I also have a quick statement. There was another election in the Western Hemisphere. We congratulate President-elect Mujica on his election and commend the people of Uruguay for their strong commitment to democracy. Uruguay is a valued partner of the United States in many areas, including international peacekeeping operations, and as a leader in the promotion of democracy and stability in the region. We look forward to working with the president-elect to deepen our partnership and advance common goals for the benefit of the people of Uruguay and of the Americas.

And I’ll take your questions.

QUESTION: Ian, will there be any briefings either tomorrow or Wednesday on the State Department’s piece of the new Afghan-Pakistan strategy? And also, can you run through for us her testimony schedule on that?

MR. KELLY: I don’t have anything to announce on her testimony schedule. She will be participating in our – in the Obama Administration’s efforts to explain the President’s strategy to Congress to key committees on both sides of the House. I expect those hearings will be on Wednesday and Thursday. There will be – I think there will be a very intense effort to explain our role, the State Department’s role, in those efforts. Secretary Clinton, of course, will spearhead those efforts. But I think we’ll also have other State Department principals speaking to --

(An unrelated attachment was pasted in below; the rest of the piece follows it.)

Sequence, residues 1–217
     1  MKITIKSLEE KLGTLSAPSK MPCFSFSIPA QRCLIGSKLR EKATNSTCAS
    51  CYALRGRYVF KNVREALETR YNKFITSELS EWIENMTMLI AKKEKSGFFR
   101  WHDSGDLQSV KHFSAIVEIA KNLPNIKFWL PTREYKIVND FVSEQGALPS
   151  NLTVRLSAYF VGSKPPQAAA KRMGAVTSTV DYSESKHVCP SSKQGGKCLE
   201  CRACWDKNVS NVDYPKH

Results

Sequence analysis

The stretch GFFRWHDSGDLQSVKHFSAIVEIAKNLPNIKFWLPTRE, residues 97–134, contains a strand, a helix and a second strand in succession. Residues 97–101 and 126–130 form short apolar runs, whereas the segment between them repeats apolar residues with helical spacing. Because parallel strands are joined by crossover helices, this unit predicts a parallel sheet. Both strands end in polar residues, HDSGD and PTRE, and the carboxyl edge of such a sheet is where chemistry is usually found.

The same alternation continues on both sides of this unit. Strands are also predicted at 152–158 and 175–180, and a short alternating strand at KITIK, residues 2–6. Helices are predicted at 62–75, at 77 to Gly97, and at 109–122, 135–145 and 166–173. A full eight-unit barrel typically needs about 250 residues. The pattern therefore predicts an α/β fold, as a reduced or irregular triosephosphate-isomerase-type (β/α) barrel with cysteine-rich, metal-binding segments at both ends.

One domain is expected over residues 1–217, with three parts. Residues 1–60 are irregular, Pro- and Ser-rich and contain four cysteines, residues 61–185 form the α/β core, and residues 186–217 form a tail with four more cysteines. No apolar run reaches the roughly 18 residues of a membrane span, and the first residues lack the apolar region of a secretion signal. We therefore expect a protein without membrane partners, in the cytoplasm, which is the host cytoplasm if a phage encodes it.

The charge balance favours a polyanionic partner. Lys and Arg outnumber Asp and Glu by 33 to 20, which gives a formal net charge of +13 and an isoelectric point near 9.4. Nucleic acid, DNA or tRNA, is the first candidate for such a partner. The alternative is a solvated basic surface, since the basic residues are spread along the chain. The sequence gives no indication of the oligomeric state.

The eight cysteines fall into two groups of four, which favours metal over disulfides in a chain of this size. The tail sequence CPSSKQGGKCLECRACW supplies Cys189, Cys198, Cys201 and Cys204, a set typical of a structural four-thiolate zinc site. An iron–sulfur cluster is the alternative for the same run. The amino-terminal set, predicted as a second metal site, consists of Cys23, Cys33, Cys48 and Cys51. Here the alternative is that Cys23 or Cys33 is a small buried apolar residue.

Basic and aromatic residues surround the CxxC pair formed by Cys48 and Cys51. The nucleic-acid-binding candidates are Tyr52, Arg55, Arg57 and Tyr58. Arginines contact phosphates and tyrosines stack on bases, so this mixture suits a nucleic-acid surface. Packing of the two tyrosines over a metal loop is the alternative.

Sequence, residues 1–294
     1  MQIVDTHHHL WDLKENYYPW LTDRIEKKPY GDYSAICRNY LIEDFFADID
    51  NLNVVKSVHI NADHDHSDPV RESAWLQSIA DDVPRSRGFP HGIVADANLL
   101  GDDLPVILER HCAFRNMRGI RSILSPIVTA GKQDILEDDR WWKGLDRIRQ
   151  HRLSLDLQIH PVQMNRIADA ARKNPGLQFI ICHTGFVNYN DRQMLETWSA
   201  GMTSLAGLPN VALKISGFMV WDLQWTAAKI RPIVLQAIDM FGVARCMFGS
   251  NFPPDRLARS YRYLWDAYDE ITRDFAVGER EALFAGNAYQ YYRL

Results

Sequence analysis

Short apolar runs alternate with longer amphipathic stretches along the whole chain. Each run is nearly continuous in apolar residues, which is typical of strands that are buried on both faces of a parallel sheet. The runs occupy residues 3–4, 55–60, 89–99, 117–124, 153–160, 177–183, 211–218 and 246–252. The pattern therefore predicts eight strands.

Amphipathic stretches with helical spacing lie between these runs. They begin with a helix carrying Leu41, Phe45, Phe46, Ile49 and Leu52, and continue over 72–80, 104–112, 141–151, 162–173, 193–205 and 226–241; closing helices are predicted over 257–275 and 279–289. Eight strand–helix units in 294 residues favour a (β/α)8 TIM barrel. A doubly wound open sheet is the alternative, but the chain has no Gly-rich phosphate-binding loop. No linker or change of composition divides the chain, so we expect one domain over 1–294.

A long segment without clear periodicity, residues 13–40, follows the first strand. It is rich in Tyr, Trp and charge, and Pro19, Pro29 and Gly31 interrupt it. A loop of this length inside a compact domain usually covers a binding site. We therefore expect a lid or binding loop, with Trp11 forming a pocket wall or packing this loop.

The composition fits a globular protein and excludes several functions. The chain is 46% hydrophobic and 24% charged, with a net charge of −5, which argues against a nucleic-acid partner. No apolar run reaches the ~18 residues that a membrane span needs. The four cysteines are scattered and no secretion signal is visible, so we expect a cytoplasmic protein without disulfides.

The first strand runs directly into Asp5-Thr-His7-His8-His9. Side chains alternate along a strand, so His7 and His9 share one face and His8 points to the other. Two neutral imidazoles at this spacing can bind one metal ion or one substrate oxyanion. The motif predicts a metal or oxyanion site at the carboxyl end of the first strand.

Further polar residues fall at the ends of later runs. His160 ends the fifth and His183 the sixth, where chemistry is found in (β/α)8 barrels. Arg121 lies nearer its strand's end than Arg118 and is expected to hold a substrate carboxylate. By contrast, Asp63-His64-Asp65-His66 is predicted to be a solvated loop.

QUESTION: Here?

MR. KELLY: Well, not necessarily here in this briefing room, but speaking to the media, certainly.

QUESTION: How do you mean speaking to the media? Doing it in --

MR. KELLY: Well, just doing various interviews. You’ve got – and I don’t even know if we’ve actually officially announced this yet, but Jim Steinberg – the Deputy Secretary of State Jim Steinberg will be going to Athens tonight. Secretary Clinton had planned to go to the OSCE foreign ministerial meeting in Athens, but because of commitments here that I just made reference to, she’s unable to represent the U.S. at that foreign ministerial meeting. So you’ll have Jim Steinberg there.

We don’t have any announcements yet about the representation at the NATO foreign ministerial meeting. We should be making that announcement very soon. But that will be another chance, of course, for us to talk to other countries involved in the effort, particularly ISAF contributing nations who will all have representatives in Brussels on Friday.

QUESTION: How about Ambassador Holbrooke? Will he be having public --

MR. KELLY: Again, I don’t have any announcements regarding his travel, but he – of course, he’s going to be involved, I think particularly, in this outreach to allies and partners in Afghanistan.

Christophe.

QUESTION: Regarding what you just said, the French newspaper Le Monde reports that the Secretary has called her counterpart Kouchner and asked for France to send 1,500 additional troops to Afghanistan. Do you have any comment on that?

MR. KELLY: She did speak to the French foreign minister. This was on Thanksgiving. In fact, she spoke to one, two, three, four, five, six, seven, eight, nine, ten foreign ministers on Thanksgiving.

QUESTION: And can you have a list there?